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Mrs. Tharp

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About Mrs. Tharp

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  1. Well, I do have a child with autism. I know personally know people in her shoes right now and I have been there myself. I understand why she is sticking with ABA, but that doesn't change what ABA fundamentally is, unfortunately. I did communicate, pointedly, that she should do what is best for her family, and in my earlier post, that ABA can be beneficial for some kids, so I fail to see the implication that I was somehow judging her situation. Physical safety is a major issue.
  2. I hear you, but I stand by the articles I posted. There are alternative methods out there, but as always, everyone needs to do what they feel is best for their own family.
  3. It's maybe more accurate to say that behavior modification has been around for a long time, and that ABA is a particularly distilled form of it targeted at disabled people. I disagree with the notion that the people are none the wiser. IME, people know. I have three individuals with EF issues in my house, and while they often don't comment, they always realize what I'm doing when I prime, reinforce, reward, or punish. You're citing things like frequent buyer programs and speeding fines. Perhaps the difference is in the degree of autonomy involved for the person whose behavior is being mod
  4. I've always thought that good math programs emphasized both concepts and algorithms, and that it was tacitly understood that people needed to learn both to do well. What I have seen are programs that emphasize one over the other, sometimes significantly, but never one, no matter how traditional or conceptual, that simply eliminated teaching concepts or refrained from offering any practice. It's a false debate. I think it only ever becomes an issue in a learning situation where the teacher is responsible for imparting a lesson they themselves don't understand or when the student is not getting
  5. Right, but in many settings, such as public ones, adequate learning, not the best learning, is the goal. The best learning is what we shoot for in a one to one tutoring session, or when we really, really care about a subject. This is a lovely sentiment, but only really necessary in a few particular fields of expertise for most people. It's possible, and just fine, to spend a lifetime cooking, or driving, or a myriad of other things without understanding exactly why they work the way that they do. Experience can, and frequently does, also compensate for a lack of conceptual understandin
  6. Yes, it is important to have methods of teaching in public settings that give everyone a reasonable shot at succeeding. The traditional format of lecture, questions & answer, practice, test & review can, if done reasonably well, challenge the advanced students while providing enough support to the disadvantaged--the poor, the English language learners, and those with learning differences. And, in my experience, all students appreciate classes with straightforward formatting. They like knowing exactly what they need to do to do well.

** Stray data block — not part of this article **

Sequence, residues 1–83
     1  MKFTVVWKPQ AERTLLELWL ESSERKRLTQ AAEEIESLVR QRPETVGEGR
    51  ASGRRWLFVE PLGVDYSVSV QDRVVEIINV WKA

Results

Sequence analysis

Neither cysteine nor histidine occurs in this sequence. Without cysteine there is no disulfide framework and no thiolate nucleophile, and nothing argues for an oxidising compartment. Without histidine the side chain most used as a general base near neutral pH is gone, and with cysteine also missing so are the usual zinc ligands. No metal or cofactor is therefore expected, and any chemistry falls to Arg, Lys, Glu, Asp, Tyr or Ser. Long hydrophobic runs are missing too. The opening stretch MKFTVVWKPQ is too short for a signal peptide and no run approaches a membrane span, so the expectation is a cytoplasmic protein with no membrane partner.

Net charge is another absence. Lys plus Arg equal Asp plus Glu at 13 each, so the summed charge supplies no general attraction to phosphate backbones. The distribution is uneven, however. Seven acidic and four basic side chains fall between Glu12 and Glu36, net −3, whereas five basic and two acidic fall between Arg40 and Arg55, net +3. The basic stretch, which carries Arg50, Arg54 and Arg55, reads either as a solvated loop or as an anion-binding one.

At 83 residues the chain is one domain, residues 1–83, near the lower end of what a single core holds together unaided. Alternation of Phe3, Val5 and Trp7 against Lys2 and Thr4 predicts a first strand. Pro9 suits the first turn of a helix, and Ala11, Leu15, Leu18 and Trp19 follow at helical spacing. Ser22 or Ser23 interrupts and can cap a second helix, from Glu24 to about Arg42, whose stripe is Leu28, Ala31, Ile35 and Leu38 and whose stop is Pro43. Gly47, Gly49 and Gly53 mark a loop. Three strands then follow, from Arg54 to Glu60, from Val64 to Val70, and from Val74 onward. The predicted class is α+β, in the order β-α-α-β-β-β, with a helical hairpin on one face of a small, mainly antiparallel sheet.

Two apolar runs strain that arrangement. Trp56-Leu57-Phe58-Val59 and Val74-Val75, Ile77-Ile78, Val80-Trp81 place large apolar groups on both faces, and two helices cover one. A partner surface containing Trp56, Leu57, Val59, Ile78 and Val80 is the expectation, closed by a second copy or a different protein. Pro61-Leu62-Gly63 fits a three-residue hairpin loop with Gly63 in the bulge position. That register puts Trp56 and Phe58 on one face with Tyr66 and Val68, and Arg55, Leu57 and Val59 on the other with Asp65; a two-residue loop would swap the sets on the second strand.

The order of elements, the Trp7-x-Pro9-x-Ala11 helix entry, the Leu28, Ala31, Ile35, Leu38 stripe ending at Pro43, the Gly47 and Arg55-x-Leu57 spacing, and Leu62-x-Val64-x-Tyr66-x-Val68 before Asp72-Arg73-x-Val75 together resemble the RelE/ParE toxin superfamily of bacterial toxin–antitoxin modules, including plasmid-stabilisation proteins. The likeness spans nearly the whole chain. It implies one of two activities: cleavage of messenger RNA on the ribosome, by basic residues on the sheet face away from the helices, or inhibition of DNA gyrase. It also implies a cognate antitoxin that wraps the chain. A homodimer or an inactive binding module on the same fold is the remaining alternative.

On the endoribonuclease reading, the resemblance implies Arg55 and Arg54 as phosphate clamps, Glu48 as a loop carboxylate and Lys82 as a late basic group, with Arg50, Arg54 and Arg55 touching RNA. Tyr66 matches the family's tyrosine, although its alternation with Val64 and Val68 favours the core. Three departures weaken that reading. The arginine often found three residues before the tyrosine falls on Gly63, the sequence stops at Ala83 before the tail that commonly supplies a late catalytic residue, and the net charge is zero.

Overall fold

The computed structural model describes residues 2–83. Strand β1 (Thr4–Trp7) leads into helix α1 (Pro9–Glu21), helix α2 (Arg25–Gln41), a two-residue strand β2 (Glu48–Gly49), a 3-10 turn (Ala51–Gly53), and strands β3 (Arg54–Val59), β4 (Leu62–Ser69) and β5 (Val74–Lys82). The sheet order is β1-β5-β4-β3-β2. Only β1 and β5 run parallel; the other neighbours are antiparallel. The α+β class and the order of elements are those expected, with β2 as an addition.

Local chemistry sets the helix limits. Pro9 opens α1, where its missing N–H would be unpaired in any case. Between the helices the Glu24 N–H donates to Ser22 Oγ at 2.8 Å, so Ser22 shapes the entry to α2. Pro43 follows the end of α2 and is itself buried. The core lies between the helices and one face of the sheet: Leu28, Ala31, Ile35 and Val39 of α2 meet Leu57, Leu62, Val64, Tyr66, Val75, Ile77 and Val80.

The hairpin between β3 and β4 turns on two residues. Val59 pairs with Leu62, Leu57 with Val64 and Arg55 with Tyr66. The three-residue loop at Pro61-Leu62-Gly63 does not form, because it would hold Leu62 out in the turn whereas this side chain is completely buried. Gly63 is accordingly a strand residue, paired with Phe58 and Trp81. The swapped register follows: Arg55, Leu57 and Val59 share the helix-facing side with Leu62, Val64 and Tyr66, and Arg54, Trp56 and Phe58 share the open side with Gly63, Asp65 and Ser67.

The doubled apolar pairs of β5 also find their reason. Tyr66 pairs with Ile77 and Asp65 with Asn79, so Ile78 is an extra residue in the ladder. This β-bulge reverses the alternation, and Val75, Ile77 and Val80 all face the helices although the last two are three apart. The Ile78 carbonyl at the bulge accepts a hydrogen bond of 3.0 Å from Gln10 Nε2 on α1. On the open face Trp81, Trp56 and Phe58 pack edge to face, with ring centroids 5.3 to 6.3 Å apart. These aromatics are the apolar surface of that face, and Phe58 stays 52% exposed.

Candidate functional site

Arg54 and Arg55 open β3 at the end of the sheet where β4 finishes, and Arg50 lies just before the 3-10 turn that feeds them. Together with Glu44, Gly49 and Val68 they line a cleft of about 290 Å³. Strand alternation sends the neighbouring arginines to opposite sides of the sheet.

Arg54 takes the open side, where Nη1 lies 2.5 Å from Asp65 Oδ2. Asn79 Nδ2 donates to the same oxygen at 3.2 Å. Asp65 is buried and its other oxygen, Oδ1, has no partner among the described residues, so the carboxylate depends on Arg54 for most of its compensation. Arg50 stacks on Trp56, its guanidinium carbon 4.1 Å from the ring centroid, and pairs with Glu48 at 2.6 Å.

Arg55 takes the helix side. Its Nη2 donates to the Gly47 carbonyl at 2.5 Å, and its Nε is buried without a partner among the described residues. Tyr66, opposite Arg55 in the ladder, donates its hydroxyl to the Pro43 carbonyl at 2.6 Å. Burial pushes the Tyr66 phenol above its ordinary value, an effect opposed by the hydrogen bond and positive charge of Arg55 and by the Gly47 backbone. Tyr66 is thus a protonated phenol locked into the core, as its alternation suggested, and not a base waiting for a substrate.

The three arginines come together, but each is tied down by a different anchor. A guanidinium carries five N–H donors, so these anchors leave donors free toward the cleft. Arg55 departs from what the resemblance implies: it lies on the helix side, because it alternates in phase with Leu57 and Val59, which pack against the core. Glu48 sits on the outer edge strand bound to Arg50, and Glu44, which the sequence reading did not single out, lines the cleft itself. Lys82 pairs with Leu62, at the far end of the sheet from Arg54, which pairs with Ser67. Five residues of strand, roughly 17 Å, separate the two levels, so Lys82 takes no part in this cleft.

7. I guess I always took the concept of prelection for granted, as one of the foundations of good teaching. I don't think it would necessarily preclude a discovery approach in the abstract.
  8. Yeah, my issue with it from a ps perspective is that the method will leave behind everyone with difficulties inferring, which includes many neurodiverse folks, ESL kids and people who just need a concrete presentation. In effect, it is biased in favor of those who excel at abstract thinking and who have outstanding EF skills. The method is terrible news for educators who try to narrow the achievement gap, since minorities, the poor, and the neurodiverse traditionally struggle more with these skills.
  9. Off the top of my head: Beast Academy, Math in Focus, Math U See, and Jacobs Geometry.
  10. My son is doing Conceptual Academy Physical Science Explorations this year and loves it. It's a textbook plus online course.
  11. Haha, not silly at all. That heinous example came from Everyday Math. That said, the boys also hated many homeschool math programs far superior to EM that emphasized more discovery/conceptual learning.
  12. A method in which kids are frequently asked to explain why they are doing what they are doing, there are lots of open ended activities, and learning through play is emphasized. Practice is deemphasized. I remember one such program regularly asking my six year old to explain, in writing, why 2 and 3 made 5. Is that enough, or do you want something more specific?
  13. Yes, but my point was, that the example was ineffective in the context in which it was mentioned. If you are going to drive a car, then you need to know the norms of the road and how to drive the car without breaking or crashing it. This is not conducive to the discovery method because of the risk of injury/death and property damage. That was my point, that discovery learning can do more harm than good depending on the circumstances, which dovetails with my next point, Which is that I disagree that the discovery method is appropriate for beginners. There are many ways to do math and m
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